The Republican Study Committee rolled out its plan Wednesday to repeal and replace Obamacare.
Members of the committee shot down Democrats’ accusation Republicans lack direction when it comes to replacing the president’s landmark health-care legislation, saying the legislation will bring down costs and increase access to coverage.
“I heard again on the House floor when I was down there, just a few minutes ago, how Republicans have no ideas. That’s absolutely false,” Rep. Phil Roe, who introduced The American Health Care Reform Act of 2017, told reporters. “We have a plan — a 185-page plan.”
Roe, a Tennessee Republican and a physician, said the bill is intended to put the power back into the hands of patients and doctors instead of insurance companies and bureaucrats.
Under the legislation, consumers would be able to shop for plans across state lines, a sizable standard tax deduction would be put in place for those buying plans on the individual market, and federal support for state high-risk pools would be expanded.
The group asserted the plan would bring down premiums while preserving popular Obamacare provisions, such as the requirement for insurers to cover preexisting conditions.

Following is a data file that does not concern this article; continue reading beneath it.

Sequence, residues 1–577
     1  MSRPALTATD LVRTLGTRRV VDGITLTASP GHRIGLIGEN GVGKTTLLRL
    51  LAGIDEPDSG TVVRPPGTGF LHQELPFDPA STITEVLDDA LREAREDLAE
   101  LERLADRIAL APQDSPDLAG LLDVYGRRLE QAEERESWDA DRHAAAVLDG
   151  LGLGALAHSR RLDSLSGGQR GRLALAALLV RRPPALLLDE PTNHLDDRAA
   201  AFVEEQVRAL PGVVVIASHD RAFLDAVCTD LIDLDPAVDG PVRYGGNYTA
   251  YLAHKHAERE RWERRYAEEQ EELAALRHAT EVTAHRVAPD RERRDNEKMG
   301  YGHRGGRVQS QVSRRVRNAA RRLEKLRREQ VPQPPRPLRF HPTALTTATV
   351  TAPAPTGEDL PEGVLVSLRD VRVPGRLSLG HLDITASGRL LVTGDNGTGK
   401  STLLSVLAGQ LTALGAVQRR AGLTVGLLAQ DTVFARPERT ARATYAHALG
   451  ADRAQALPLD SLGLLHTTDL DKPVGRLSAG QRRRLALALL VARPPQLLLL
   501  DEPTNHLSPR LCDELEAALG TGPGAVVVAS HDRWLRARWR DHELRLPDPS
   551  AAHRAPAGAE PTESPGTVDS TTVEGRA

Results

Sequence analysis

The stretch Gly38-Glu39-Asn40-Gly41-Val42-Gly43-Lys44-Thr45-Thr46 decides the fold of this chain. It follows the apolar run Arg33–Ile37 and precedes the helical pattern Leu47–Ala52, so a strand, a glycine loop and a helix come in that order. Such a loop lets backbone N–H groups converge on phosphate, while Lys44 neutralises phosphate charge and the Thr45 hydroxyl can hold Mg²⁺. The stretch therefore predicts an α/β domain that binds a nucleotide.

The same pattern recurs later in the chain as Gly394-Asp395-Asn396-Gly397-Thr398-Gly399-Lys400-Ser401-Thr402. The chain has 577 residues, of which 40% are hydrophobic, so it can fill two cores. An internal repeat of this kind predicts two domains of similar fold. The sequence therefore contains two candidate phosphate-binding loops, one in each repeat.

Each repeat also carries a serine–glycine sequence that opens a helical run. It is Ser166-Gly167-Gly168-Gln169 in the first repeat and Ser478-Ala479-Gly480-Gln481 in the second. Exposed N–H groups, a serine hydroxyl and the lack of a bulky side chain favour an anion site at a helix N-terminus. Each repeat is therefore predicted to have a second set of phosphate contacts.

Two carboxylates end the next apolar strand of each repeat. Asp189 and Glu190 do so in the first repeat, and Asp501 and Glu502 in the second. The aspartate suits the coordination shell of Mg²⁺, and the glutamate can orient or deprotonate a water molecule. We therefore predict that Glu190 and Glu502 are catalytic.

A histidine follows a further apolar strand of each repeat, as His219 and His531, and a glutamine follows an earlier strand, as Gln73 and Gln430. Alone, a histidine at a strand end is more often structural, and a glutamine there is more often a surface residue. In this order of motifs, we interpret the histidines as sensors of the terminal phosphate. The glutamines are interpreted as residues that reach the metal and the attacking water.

“We realized and accepted in small group and the individual market preexisting conditions were actually already taken care of by rules and regulations that occurred and were passed back in the mid-70s,” Roe told reporters. “We’ll look for very high risk people, we fully fund the high-risk pools, which we had working in the state of Tennessee when Obamacare came along, which allow people in those pools — for instance I saw a lot of patients with breast cancer who at no fault of their own had very severe preexisting condition — to allow those folks to buy insurance at no more of an expensive rate than you could in that market.”
Roe said reforming the McCarran-Ferguson Act is also a critical component in fixing the health care system. The bill would restore federal antitrust laws to the business of health insurance, which the RSC says would protect consumers and competition.
RSC Chairman Mark Walker noted similar versions of the bill were popular in the 113th and the 114th Congress.
“Who better to start this process than a physician, who ran a successful medical practice career, who employed hundreds of medical professionals, and met and dealt and provided health care to thousands of patients,” he said at the press conference unveiling the bill.
The group has not yet set a timeline on when they would like to see the replacement put in place, but believes repealing Obamacare will provide some immediate relief while they are in the transition period. Roe said he didn’t create the perfect bill, adding he’s willing to work across the aisle on improvements to the legislation.
“I’m willing to listen to Democrats ideas to this bill, to amendments to this bill as opposed to what they did which was to completely shut the other side out,” he said.
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